As I write this, there's a mini-scandal brewing involving New York Rep. Anthony Weiner, and a photo of a guy in his underwear that was sent via his Twitter account to a college girl from Seattle.
Weiner claims his account was hacked, which is a mildly dubious claim, especially since former Rep. Chris Lee used the same excuse in February, when the now-ex-congressman sent a shirtless picture of himself to a woman through a Craigslist personal ad. However, there are some facts in Weiner's defense: The photo doesn't give any indication that it is him; the woman supposedly on the other end of the tweet says she has no real connection to Weiner; and the only retweet of the original message was done by someone with a long-standing grudge against the congressman.
Weiner may or may not be guilty of trying to pick up a college girl in a ridiculous way, but, still, there's something strange about the hyper-connected world we live in, considering that a congressman could possibly be communicating in some form with a college girl across the country who mentioned that she's interested in him.
Meanwhile, social media seems to provide another opportunity for people to attack the famous and prominent. Whether that's what happened to Rep. Weiner remains to be seen.
>We watched Jared Lee Loughner's crazed outburst in federal court as he was sent off to a psychiatric facility to be restored to competency so he can face the 49 charges stemming from the January shooting rampage at Congresswoman Gabrielle Giffords' Congress on Your Corner event; welcomed Sarah Palin to Scottsdale; and followed the latest legal effort to block medical-marijuana clinics by Gov. Jan Brewer and Arizona Attorney General Tom Horne.
We briefed you on the U.S. Supreme Court decision upholding Arizona's employer-sanctions law; talked to state Sen. Al Melvin about why he wouldn't accept federal money to help out-of-work Arizonans or expand the Nogales port of entry to improve cross-border commerce; and noted that congressional Republicans were threatening to wreck the economy unless Democrats agree to slash Medicare benefits for future senior citizens.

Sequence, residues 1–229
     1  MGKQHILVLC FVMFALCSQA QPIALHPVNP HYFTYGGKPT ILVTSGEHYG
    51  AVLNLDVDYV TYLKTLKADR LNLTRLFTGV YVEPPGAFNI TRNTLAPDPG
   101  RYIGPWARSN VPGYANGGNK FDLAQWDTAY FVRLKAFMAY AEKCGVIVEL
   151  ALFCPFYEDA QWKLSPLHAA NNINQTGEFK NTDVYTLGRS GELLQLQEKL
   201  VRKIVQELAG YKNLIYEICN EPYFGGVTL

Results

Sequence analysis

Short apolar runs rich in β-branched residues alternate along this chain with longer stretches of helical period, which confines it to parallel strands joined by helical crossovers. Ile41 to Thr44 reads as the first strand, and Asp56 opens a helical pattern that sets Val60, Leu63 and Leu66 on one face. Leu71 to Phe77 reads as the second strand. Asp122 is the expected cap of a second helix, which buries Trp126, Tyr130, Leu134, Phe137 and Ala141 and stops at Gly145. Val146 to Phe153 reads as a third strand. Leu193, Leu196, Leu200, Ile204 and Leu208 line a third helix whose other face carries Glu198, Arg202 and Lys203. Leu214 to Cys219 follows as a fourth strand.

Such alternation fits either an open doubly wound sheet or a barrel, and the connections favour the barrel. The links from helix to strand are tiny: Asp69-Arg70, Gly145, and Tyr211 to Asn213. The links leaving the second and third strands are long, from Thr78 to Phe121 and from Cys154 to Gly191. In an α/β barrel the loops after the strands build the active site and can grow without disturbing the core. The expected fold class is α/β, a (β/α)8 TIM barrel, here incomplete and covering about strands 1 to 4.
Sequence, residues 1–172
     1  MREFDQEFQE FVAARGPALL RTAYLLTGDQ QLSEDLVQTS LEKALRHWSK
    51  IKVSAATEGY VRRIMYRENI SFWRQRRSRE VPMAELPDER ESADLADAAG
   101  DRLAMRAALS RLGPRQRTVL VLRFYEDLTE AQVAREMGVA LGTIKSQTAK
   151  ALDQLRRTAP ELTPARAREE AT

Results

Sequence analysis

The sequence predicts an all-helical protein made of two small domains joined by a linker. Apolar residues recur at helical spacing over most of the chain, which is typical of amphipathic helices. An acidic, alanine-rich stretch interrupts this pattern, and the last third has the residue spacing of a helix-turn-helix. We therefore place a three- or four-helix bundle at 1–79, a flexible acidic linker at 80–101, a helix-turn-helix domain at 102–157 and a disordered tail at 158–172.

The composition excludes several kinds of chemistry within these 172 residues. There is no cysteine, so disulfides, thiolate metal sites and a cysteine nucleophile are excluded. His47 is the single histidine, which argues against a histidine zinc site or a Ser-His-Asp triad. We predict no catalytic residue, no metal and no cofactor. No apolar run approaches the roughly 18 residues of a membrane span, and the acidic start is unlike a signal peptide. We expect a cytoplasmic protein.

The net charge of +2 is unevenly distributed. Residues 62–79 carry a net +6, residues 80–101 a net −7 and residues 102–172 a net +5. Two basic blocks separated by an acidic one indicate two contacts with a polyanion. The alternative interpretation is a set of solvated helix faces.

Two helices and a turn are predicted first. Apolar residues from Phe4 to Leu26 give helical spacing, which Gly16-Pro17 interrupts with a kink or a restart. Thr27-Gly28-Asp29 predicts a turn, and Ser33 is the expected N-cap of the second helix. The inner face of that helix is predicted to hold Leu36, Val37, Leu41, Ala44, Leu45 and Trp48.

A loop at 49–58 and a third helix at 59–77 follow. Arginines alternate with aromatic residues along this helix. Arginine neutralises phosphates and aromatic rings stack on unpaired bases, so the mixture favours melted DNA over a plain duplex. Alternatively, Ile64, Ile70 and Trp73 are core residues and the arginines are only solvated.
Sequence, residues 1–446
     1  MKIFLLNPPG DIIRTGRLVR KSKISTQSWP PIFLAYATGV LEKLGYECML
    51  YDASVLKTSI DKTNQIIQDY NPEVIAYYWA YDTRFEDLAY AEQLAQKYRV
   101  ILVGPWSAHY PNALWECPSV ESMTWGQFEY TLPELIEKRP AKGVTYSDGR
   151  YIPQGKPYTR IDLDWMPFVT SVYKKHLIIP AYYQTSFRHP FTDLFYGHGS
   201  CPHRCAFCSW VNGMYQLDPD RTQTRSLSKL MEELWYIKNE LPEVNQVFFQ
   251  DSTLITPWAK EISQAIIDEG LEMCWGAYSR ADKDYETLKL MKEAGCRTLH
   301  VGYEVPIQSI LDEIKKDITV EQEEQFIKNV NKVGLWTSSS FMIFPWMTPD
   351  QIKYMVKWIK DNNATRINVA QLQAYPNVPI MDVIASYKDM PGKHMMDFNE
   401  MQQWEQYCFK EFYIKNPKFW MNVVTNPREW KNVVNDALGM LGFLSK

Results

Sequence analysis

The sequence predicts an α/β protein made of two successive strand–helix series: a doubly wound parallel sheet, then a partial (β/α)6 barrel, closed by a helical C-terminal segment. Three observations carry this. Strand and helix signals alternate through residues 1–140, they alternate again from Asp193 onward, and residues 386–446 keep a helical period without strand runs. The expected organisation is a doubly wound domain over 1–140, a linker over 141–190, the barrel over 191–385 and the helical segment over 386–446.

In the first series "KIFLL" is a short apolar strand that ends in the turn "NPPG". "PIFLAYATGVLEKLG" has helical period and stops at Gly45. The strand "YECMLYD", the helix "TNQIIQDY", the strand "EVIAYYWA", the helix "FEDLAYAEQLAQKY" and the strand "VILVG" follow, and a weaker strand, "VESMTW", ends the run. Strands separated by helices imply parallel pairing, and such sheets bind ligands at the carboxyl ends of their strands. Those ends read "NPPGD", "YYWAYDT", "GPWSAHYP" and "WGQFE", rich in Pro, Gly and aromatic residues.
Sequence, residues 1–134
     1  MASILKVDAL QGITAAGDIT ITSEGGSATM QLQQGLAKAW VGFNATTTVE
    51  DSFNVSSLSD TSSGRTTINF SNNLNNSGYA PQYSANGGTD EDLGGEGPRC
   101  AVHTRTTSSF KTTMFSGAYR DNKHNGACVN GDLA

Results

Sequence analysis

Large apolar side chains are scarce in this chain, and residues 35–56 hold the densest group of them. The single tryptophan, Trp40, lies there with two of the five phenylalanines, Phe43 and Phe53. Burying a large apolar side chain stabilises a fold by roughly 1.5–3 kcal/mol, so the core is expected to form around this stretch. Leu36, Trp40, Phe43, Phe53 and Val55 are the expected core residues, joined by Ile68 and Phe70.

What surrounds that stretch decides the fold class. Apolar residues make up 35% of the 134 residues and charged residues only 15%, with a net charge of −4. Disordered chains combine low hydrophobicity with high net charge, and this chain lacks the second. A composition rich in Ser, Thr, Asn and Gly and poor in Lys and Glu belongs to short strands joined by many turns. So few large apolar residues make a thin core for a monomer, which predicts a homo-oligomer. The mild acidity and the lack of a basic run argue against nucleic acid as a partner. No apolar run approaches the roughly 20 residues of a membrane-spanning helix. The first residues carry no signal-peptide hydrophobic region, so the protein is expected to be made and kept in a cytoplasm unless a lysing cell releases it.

We suggested you consider helping legendary local producer Craig Schumacher, who is struggling with cancer; told you where you could find an amazing new release from the Rainer archive, featuring material he recorded with Joey Burns and John Convertino of Calexico shortly before he died in 1997; and checked out the Calexico double-feature at the Loft Cinema, including the documentary Circo and the world premiere of Flor de Muertos, director Dan Vinik's exploration of the local All Souls Procession set against the backdrop of a Calexico concert at the Rialto Theatre.
In science news: We followed Endeavour's mission to the International Space Station, including a talk with kids from Gridley Middle School and a wake-up call featuring the music of Calexico; and celebrated the UA's Lunar and Planetary Lab's win of an $800 million grant for OSIRIS-REX, a spacecraft that's headed to a nearby asteroid to gather data and samples and then return to Earth.
We kept on eye on the Tucson Padres' latest home stand; brought you new reviews of Tucson food trucks; noted that Garrison Keillor was not boycotting Arizona; let you know that the Santa Cruz River Farmer's Market was relocating; coveted a magical ice-cream maker; and shared the sad news that Mrs. Tiggy Winkle's Toys was shutting her doors.
—TucsonWeekly.com commenter Andi Berlin succinctly offers her opinion on one alternative rock act covering one of the most famous songs by another ("Indie Rock Punching Bag Weezer Cover Indie Kings Radiohead," The Range, May 27).
Now that the heat has finally (and somewhat unfortunately) kicked in, maybe you'll spend the summer playing volleyball in the sand, or perhaps sitting by the pool tanning—but here at the Tucson Weekly, it's summer cocktail season, so we've been polishing our shakers, putting away our winter liquors and thinking of what we'll be drinking during the 100-plus-degree days. While the negroni is considered the classic summer booze choice on the East Coast, we asked Tucson bartenders what they like to drink during the insufferable season. This week, we'll start sharing their picks with you.
Also, with the end of the Sand Rubies era this week, we look back at some of their videos.